Moldova presidential run-off competitive, fundamental freedoms respected, but polarized media coverage, harsh rhetoric detracted from process, international observers say
The second round of the presidential election in Moldova was competitive, with respect for fundamental freedoms. The campaign, featuring televised debates, allowed the two candidates to address voters directly. However, increasingly polarized media coverage, harsh and intolerant rhetoric and continued instances of abuse of administrative resources detracted from the process. Complaints, mostly related to campaign finance, were not resolved in a timely and consistent manner, the international observers concluded in a preliminary statement released today.
Technical preparations for the second round were generally administered professionally and, overall, the observers assessed election day positively. Despite some efforts to prepare for a high turnout in specific polling stations abroad and for voters from Transdniestria, many citizens were unable to vote because these polling stations ran out of ballots, the statement says.
“The more intense campaign in the lead-up to the second round succeeded in mobilizing a greater number of voters and offered an opportunity for citizens to express their choice,” said Arta Dade, the Special Co-ordinator and leader of the short-term OSCE observer mission. “This underlines a desire for continued civic mobilization, and I encourage the newly-elected President to support the reforms needed to restore public confidence in state institutions.”
Moldova has adequate laws to conduct democratic elections, but they do not address essential aspects for holding a second round, the observers said. This includes the official start of the run-off campaign, application of campaign finance regulations, voter list updates, media coverage and the timely adjudication of complaints and appeals.
“I note that the legal framework is incomplete when it comes to the second round and it leaves too much room for interpretation,” said Geir Joergen Bekkevold, Head of the OSCE Parliamentary Assembly delegation. “We stand ready to work hand in hand with our colleagues in the Moldovan parliament to address these shortcomings and strengthen the electoral legislation and procedures.”
The second round campaign was initially subdued but intensified as the election approached, the statement says. The media were the key platform used by the candidates. While the public television coverage was largely balanced, politically affiliated TV stations showed significant bias, further polarizing the campaign. Negative tactics were employed, including sexist language and gender stereotyping, as well as homophobic statements.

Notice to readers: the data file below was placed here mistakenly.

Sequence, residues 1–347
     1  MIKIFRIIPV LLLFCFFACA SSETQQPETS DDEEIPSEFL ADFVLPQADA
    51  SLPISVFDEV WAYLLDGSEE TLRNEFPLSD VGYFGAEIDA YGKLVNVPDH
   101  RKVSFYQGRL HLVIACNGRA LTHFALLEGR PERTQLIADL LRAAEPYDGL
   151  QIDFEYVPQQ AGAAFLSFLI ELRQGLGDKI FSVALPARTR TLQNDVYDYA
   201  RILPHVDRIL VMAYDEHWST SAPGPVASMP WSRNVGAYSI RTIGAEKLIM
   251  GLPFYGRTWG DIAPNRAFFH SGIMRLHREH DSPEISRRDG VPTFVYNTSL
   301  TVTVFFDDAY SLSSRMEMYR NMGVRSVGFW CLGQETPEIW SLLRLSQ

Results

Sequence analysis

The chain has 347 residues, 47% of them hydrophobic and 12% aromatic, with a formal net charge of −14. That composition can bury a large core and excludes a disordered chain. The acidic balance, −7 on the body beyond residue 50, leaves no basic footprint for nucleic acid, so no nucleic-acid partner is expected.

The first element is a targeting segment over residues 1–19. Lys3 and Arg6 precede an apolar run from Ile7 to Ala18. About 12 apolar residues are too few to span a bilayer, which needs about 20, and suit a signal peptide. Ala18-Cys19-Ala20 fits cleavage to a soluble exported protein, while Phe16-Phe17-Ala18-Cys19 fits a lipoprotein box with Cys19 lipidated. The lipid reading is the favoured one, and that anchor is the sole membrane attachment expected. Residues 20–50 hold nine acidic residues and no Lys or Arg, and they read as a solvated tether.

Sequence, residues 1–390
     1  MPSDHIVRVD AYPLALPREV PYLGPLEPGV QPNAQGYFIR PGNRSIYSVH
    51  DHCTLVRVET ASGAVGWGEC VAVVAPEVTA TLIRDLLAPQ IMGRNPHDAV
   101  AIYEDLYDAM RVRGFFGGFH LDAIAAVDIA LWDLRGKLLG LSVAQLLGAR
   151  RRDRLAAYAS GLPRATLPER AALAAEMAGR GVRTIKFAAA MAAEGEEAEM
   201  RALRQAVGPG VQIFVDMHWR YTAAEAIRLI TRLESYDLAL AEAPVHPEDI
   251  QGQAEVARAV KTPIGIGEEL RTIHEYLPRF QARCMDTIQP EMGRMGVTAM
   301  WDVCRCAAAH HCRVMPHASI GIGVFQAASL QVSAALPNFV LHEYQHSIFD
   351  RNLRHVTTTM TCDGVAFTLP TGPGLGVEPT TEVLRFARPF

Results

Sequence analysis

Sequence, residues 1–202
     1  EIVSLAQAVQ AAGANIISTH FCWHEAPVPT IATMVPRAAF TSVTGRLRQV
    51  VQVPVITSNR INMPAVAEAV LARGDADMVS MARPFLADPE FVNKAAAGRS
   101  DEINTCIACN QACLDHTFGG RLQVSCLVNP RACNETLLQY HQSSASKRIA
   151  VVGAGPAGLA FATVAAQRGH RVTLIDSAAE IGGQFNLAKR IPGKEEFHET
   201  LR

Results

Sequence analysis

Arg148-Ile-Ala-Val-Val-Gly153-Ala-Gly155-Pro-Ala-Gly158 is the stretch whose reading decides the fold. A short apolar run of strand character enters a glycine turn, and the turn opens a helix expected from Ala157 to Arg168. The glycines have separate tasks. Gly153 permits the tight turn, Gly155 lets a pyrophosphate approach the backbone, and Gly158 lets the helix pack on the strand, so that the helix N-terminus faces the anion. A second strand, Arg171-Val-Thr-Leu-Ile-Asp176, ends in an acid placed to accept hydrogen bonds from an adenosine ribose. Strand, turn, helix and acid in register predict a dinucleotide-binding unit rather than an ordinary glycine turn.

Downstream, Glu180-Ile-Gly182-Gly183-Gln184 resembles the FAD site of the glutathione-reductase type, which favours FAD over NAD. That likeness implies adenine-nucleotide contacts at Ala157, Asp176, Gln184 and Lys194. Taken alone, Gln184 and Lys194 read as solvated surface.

“In Moldova people made their choice in a free manner and the voting day was very well organized,” said Elisabeth Schneider-Schneiter, Head of the Parliamentary Assembly of the Council of Europe delegation. “Our primary concern was not the outcome of the presidential election, but rather the functioning of the democratic electoral process.
Unfortunately, the serious and long-standing concerns from the first round campaign were observed also in the second round. Of particular concern were politically biased media, strongly associated with major political parties and serving a tool for propaganda. This and other concerns, unless addressed in a timely and effective manner, will erode citizens’ trust in the democratic electoral process.”
Campaign finance oversight in the second round lacked efficiency, the observers said. Although not explicitly required by law, the financial reports for the run-off were submitted to the Central Election Commission (CEC) two days before the elections, and the CEC audit report was not adopted before election day, making it more difficult for voters to make an informed choice.
“Legislation should be adopted to provide a clear framework for campaign finance for all stages of the electoral cycle,” said Igor Soltes, Head of the European Parliament delegation. “A continuing concern is the lack of transparency in the area of campaign finance – as well as the possibilities to manipulate the media that this can provide.”
Election day was calm and well-administered within the country. The overall assessment of voting, counting and tabulation was positive, with key procedures followed.
The law does not provide for expedited deadlines to investigate and address violations within the electoral period, which undermined the right to an effective remedy. Contrary to legal requirements, the CEC did not consider all complaints prior to election day.
“Candidates had a real opportunity to present their visions to voters, especially in the televised debates, though it is unfortunate that the voters were often confronted with harsh rhetoric rather than serious discussions of alternative policy approaches,” said Douglas Wake, Head of the ODIHR Election Observation Mission. “Voters actively participated on an election day that we observed to be very smooth across the country. It was particularly regrettable, however, to hear reports that many citizens were unable to vote at specific polling stations that ran out of ballots.”